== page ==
My second thoughts on my hate of all things flamenco and the nether regions of the belly occurred when I saw Sarita, above, left, the belly dancer. She had formerly been a flamenco dancer. She was from Puerto Rico, she spoke Spanish and looked like the most beautiful Gypsy I had ever met in my life. I wasn’t the only one who had fallen for Sarita’s charms.
Alex MacGillivray, the restaurant writer for the Vancouver Sun wrote a review at the Kilimanjaro ( in Gastown) in which he did not mention the food once. His piece was all about Sarita!

I photographed Sarita, and, no matter how inexperienced I might have been, her pictures were some of the most overtly erotic I have ever taken. I found that my best recourse was to avoid her and to swear a life free of castanets, flamenco, stamping on floors and in particular that tongue slapping noise that belly dancers make that propels me to pull my hair. I have not seen Sarita since.

One potato, two potato, three potato, four.
Five potato, six potato, seven potato, more.

(Then the person would remove the fist on the word "more" and the game
would begin again.

Eenie, meenie, meinie, moe
Catch a niger[ that’s how I learned it in Buenos Aires in the 40s] by the toe
If he hollers
let him go
Eenie, meenie, meinie, moe

The Spanish version (I first heard it in Mexico) of the above youthful study into randomness is the much more satisfying:

De tín marín
de do pingüé,
cúcara, mácara, títere fue.
Yo no fui;
fue Teté.
Pégale, pégale
que ella fue.

But since the above are used to randomly choose something (two teams to play soccer at recess, is an example ) there is a purpose to that sort of randomness that is not subject to the vagaries of a more unsettling kind like leaving home and forgetting to lock the door. You remember, you get out of the car and lock the door. You drive off and, blocks away, you get into a fender bender. “Why did I have to forget to lock that door…?”

The word random in English to me has a mathematical ring to it. It brings to my mind Einstein's famous quote, "God does not play dice with the universe." The word is almost neutral unless I make the connection with "random violence" or "random killing". Then the word has a more sinister tone to it. In Spanish the expression is “al azar”. The word azar comes from the Arabic and originally it had to to with a knuckle bone from a sheep on which you would paint symbols including a flower (azhar is Arabic for flower) and play an ancient game which eventually let to dicea and other games of chance. To further make that word azar so beautiful, it was used by the Spaniards exclusively to name the white flowers of citrus fruits. Before Odorono came into Spanish life, agua de azhar, or citrus flower water hid the smells of infrequent bathing.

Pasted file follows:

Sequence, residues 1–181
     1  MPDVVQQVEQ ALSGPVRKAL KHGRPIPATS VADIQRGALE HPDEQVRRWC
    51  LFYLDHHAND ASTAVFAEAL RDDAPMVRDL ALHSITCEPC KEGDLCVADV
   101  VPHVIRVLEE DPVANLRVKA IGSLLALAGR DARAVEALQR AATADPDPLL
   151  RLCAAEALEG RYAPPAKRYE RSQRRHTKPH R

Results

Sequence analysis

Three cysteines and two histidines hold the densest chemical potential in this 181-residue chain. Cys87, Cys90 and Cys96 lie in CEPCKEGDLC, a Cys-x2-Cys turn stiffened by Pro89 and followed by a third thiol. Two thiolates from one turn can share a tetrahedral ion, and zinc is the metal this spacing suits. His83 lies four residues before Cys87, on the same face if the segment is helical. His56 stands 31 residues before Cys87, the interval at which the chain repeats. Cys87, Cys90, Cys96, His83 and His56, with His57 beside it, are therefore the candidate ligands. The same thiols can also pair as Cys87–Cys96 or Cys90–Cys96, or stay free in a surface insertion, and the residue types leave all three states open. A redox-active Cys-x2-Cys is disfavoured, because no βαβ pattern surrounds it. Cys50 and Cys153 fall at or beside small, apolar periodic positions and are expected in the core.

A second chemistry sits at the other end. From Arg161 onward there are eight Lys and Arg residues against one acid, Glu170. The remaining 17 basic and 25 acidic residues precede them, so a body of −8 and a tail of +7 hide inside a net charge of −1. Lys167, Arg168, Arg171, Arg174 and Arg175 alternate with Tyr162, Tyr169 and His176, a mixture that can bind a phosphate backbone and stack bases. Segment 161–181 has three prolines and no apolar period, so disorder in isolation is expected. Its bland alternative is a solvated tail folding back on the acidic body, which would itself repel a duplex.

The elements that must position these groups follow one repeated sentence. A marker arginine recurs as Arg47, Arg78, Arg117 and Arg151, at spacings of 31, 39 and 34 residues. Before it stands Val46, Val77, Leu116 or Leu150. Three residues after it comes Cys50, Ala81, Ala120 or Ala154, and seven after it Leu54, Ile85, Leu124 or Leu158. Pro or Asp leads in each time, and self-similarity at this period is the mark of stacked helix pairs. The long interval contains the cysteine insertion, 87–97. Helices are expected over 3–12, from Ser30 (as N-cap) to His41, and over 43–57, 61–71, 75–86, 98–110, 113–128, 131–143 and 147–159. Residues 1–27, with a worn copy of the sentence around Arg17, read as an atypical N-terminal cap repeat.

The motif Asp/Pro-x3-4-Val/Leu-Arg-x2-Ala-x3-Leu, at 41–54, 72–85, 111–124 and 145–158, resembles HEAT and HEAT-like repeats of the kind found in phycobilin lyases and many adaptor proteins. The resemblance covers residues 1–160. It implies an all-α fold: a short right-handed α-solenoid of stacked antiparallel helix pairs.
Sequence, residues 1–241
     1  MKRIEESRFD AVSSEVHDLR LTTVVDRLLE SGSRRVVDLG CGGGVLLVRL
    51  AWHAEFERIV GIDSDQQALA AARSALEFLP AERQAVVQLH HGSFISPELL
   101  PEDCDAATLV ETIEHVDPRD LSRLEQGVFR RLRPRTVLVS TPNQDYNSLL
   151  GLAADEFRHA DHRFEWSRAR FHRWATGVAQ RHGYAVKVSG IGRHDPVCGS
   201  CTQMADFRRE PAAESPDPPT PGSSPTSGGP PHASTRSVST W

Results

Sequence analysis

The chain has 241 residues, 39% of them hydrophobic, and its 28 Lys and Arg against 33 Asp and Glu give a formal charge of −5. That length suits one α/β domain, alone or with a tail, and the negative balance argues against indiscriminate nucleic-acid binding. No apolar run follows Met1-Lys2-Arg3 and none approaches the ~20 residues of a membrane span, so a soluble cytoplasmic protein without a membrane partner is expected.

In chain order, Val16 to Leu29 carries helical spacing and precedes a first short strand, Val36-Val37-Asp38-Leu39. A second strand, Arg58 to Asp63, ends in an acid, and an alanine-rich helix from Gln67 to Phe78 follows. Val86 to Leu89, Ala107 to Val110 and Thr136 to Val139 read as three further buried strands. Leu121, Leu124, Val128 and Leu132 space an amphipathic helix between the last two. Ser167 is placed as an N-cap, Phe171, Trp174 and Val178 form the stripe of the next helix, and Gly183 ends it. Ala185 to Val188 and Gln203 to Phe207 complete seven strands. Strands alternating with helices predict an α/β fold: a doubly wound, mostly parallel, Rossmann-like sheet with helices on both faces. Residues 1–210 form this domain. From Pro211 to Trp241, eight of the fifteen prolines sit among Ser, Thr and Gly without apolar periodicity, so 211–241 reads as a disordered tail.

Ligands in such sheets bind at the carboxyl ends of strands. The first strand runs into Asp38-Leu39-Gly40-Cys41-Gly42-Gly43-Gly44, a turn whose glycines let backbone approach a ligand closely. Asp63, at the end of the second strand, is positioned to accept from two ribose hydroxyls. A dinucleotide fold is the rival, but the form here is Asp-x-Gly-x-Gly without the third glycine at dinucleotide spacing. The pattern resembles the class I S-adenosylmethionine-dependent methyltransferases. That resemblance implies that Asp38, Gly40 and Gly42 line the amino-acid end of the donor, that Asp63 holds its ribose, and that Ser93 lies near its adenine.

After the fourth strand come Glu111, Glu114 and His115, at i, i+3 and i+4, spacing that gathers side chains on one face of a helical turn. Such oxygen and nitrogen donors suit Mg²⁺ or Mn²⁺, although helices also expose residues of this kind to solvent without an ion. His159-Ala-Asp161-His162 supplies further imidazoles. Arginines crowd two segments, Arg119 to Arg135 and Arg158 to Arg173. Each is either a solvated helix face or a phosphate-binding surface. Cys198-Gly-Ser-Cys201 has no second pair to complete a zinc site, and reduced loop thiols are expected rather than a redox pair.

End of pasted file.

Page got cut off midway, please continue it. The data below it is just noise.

Randomness has changed, of late, a lot of my prejudicial perception on taste in the arts. It was the randomness of looking for movie DVD’s at the man branch of the Vancouver Public Library (Videomatica I now inform you that I will be spending less money at your establishment) that led to my current conundrum (not much of one, as I will admit that I have suddenly changed my mind) on flamenco.

At those stacks I found Spanish director Carlos Saura’s, right, Amor Brujo, 1985, (third of the trilogy that was preceeded by Blood Wedding, 1981, and Carmen, 1983). I decided to give it a go as I had seen previously one of the best films ever, Saura’s Goya in Bordeaux, 1999, and I think that his Tango, 1998, is the finest film ever made about Argentine tango.

Amor Brujo (based on the ballet by Manuel de Falla which I saw with Rosemary and my two granddaughters last Saturday) begins with one of the most remarkable and long tracking shots that would give Hitchcock a jealousy of indigestion. The dancing is superb and there is not one castanet to bee seen anywhere. The set is a huge car dump with an earthen floor. There is no zapateo (
foot stamping).

The main protagonist, Antonio Gades (photo above, right by Lorenzo Cebrian, is one of the most strikingly beautiful men I have ever seen. His partner, Cristina Hoyos, below centre in as still from Amor Brujo, is not as beautiful as a third girl, Laura del Sol, bottom right with gades, also in the cast. Rebecca asked me why this was and I had to explain that Saura did not cast actors because they were actors or even good looking actors. He preferred to cast very good dancers as actors regardless of their looks. This I confirmed when I found out that Gades(seen in all pictures here and lifted from Google images) was the most noted flamenco dancer of his generation, that he was the director of the National Ballet of Spain. Gades choreographed all the numbers of the trilogy. Cristina Hoyos’ curriculum credits were as good.

After this film (which Rebecca enjoyed and Rosemary commented, “The Spanish is so brief and so easy to understand.”) I have taken out the remaining films of the trilogy at the Vancouver Public Library! We are set for a Saura Saturday flamenco marathon.

I just might look for Sarita and see what I can do with my camera to capture a dance which I have suddenly come to understand thanks to Saura and the help of that wonderful randomness of the stacks of our Vancouver Public Library. I am certain that if my mother had ever seen any of these films her respect for real Spanish music might have grown. Luckily it wasn't too late for me to change my mind.

no castanets and no foot stamping with Antonio Gades and Cristina Hoyos